The ethical metaphysics of Levinas throws a further spanner in the works of this tripartite equation: according to him, we cannot begin to fathom the other person (distinguished from other forms of alterity that the self encounters in the world as "the Other") and consequently the impact of our actions upon that Other. Moreover, ethical initiative is not, contrary to the dominant schools of ethical thought, the self’s prerogative vested in the rational weighing of better or worse options. Rather, the possibility of ethical action proceeds from the self following an infinitely more fundamental address encountered when faced by another person in need. The absolute Other – which for Levinas is epitomized by the other person – precisely subverts any attempt on our part to establish a rational relationship with that Other. Absolute alterity incarnated in the person of another is quite literally "inconceivable". We cannot begin to know or understand that which in its very essence defies objectification. The Other is always, and per definition, more than our perception or understanding of him/her. The relation between the self and the Other, in Levinasian terms, is a non-relation, a relation without relation. Hereby Levinas is attempting to express the fundamental contradiction of human relatedness: as persons we are fundamentally connected as fraternity, which means that we cannot not be affected by the plight of the other person. We are affected by virtue of the fact that the Other shows him-/herself as "face" or expression, Yet, this "epiphany" cannot be reduced to a fathomable "form" with recognizable features. The Other resonates with something in the self that cannot be conceived in terms of rational categories. As such, the Other remains fundamentally alien to me.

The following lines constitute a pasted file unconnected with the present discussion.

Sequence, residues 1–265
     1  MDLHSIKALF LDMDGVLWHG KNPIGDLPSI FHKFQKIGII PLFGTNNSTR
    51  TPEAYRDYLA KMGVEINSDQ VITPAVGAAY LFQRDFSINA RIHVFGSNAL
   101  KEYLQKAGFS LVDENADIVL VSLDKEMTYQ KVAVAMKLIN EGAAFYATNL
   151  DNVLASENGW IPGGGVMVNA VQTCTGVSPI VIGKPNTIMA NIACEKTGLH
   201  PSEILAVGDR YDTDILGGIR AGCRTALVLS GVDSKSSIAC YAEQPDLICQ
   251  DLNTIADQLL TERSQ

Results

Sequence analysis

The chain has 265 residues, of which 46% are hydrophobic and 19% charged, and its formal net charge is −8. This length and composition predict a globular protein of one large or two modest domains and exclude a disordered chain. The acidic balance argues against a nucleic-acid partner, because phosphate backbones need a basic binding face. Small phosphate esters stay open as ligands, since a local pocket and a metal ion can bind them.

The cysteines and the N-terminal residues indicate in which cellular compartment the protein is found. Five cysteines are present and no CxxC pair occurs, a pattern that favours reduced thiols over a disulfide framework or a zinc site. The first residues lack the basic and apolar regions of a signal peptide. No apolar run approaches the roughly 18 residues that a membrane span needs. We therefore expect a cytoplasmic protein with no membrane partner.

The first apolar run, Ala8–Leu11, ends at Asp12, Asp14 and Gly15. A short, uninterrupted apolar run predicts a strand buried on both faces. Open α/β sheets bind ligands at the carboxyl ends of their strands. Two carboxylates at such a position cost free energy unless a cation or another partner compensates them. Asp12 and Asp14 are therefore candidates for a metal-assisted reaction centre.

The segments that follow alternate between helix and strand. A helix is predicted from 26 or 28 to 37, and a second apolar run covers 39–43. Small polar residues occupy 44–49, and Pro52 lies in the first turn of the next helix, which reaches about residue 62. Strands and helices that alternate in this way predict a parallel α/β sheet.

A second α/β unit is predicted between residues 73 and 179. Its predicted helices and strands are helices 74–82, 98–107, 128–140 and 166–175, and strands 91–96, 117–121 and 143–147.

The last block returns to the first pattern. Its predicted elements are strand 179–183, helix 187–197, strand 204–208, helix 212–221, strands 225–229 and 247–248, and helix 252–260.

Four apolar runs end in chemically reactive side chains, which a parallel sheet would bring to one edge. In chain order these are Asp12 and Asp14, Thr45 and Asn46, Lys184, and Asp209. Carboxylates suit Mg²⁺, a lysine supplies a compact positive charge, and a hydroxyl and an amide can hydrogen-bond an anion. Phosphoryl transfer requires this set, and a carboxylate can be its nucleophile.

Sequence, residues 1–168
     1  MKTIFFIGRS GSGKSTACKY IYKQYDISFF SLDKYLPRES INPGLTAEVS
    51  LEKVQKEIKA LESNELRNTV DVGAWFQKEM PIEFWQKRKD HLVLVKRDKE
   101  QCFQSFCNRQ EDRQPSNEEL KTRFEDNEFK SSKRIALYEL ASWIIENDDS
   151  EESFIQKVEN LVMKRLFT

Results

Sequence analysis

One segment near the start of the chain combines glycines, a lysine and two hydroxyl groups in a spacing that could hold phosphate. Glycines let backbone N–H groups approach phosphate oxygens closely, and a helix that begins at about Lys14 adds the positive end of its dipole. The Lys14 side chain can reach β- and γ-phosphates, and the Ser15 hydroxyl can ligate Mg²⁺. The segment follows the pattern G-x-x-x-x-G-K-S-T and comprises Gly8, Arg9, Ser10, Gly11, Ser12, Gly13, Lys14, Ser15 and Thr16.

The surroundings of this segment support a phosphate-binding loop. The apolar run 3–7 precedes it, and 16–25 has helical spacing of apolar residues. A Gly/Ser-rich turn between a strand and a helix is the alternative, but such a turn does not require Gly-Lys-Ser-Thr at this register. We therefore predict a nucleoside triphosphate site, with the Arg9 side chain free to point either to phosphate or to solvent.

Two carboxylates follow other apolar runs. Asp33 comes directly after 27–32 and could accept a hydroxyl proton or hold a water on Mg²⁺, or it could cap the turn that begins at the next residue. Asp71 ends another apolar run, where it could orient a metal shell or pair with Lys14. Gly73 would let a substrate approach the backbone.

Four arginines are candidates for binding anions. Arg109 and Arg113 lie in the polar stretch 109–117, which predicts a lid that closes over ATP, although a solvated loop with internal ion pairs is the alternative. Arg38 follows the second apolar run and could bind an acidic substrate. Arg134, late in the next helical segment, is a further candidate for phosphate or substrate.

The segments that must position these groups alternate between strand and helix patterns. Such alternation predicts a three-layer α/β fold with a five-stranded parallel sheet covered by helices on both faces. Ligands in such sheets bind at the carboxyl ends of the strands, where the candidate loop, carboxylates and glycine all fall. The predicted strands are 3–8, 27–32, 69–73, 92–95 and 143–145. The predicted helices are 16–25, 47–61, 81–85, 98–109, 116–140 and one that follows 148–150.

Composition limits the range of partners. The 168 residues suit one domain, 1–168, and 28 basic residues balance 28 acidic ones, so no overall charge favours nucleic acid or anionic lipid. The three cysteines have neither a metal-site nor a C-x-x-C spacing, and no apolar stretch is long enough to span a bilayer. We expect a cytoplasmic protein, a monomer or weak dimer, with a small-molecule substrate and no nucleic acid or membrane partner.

Yet, this absolute stranger does not leave me cold; it is impossible to remain unaffected by a close encounter with a vulnerable other. The Other affects me in the most fundamental way possible; the other cuts to the very core of my being. This affectedness by the Other is not something that can be rationally accounted for. It is also not an ethical imperative. Rather it is an ontological fact inscribed into the very being of us humans. What is at the heart of humanity, according to Levinas, is the fact that we are beings capable of being affected by the fate of another human being, to the extent that this concern overrides any concern for self. Levinas explains it as follows: "[t]he tie with the Other is knotted only as responsibility, this moreover, whether accepted or refused, whether knowing or not knowing how to assume it, whether able or unable to do something concrete for the Other. To say: here I am [me voici] … To be human spirit, that’s it" [18, p97]. Contrary to the history of modern conceptions of rational subjectivity that situates the uniqueness of the human self in its capacity for rational autonomy, Levinas contends that what makes us truly human is precisely the irrational ability to be affected by that which cannot be grasped rationally. Prior to the sovereignty or the self-legislating "nature" of the individual, is an affectedness by another – a heteronomy – that which throws our autonomy in disarray. We shall return to this enigmatic contention shortly.